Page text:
On a walk in New York's Greenwich Village one afternoon in 1993, Lessig noticed a headline in the The Village Voice: "A RAPE IN CYBERSPACE." It was Julian Dibbell's account of a virtual sexual assault in a MUD. Lessig had recently read Only Words, a book on sexual harassment by Catharine MacKinnon (he'd taken a course with her at Yale), and as he read Dibbell's piece, Lessig was struck by how closely the concerns of the participants in the virtual world (devastated by "only words") resonated with those of MacKinnon, whose radical views (porn isn't protected speech) were generally considered anathema at the Voice. This suggested to Lessig that cyberspace was virgin intellectual territory, where ideas had yet to be boxed in by orthodoxy.

"It was a place where nobody knows their politics," says Lessig. He began thinking about the concept of law in this nonphysical space, and made notes for a course on the subject.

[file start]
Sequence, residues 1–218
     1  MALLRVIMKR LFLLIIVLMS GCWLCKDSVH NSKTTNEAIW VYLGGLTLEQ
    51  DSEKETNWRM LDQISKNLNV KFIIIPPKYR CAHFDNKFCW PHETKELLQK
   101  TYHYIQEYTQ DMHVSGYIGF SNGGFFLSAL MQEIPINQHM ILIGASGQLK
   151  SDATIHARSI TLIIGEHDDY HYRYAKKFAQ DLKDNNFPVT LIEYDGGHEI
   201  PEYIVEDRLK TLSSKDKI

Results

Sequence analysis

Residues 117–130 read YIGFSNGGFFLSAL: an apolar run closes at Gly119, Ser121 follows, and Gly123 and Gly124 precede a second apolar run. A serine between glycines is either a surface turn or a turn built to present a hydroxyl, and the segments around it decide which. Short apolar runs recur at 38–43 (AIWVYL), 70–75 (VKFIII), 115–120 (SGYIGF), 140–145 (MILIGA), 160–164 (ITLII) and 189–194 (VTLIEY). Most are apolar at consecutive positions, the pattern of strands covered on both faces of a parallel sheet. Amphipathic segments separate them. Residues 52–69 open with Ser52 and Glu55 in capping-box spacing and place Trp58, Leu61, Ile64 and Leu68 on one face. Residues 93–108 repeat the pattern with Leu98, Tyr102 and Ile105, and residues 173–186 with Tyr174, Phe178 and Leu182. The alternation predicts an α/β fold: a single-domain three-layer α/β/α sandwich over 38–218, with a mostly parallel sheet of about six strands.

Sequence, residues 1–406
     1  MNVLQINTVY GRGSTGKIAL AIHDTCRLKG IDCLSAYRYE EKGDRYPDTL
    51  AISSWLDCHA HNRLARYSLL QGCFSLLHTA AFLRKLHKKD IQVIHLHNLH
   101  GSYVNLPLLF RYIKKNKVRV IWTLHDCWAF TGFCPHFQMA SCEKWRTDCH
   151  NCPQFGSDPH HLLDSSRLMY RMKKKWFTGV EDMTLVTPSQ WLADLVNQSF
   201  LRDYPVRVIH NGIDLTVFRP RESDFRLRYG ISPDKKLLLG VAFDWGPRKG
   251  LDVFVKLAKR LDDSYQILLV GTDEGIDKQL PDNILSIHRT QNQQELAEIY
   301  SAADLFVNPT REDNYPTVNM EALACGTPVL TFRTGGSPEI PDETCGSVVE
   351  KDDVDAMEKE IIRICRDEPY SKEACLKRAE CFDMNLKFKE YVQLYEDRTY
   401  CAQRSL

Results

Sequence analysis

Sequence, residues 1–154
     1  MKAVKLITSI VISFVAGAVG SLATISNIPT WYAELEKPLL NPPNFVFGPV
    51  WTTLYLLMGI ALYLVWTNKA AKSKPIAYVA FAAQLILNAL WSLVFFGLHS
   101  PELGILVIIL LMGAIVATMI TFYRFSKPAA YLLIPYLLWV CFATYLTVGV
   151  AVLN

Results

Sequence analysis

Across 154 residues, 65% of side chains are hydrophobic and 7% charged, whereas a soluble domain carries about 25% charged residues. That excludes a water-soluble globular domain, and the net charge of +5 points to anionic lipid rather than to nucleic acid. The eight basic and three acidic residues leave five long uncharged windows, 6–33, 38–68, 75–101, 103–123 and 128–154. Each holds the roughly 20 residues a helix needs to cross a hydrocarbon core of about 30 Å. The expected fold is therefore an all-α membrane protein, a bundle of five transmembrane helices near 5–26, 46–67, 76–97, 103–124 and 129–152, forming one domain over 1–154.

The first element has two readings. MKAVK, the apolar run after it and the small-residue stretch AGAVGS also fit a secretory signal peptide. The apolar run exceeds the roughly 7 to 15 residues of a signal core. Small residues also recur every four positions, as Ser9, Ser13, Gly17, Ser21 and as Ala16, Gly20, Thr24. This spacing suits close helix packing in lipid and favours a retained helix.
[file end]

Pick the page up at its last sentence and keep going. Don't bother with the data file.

Lessig taught Law and Cyberspace as a visiting professor at Yale in the spring of 1995. That semester he had his first intuition about the relationship between code and the law. In the course of discussing searches and the Fourth Amendment, a student wrote a paper about how Internet worms could search someone's computer and then disappear. It made Lessig wonder how new technologies could shape law. His thoughts led to something that flew in the face of his students' near-drunken optimism about the Internet: Restrictive code, whether embodied in legal regulations or in computer programs, could trump the seemingly unstoppable freedoms delivered by the Internet. At the time, John Gilmore's exultant claim that "the Internet sees censorship as damage and routes around it" was widely accepted as truth. But Lessig began to think that it was less truism than wishful thinking. The right — or wrong — code could indeed implement censorship or surveillance or other injustices. "That insight," says Lessig, "became a central way of organizing the law of cyberspace."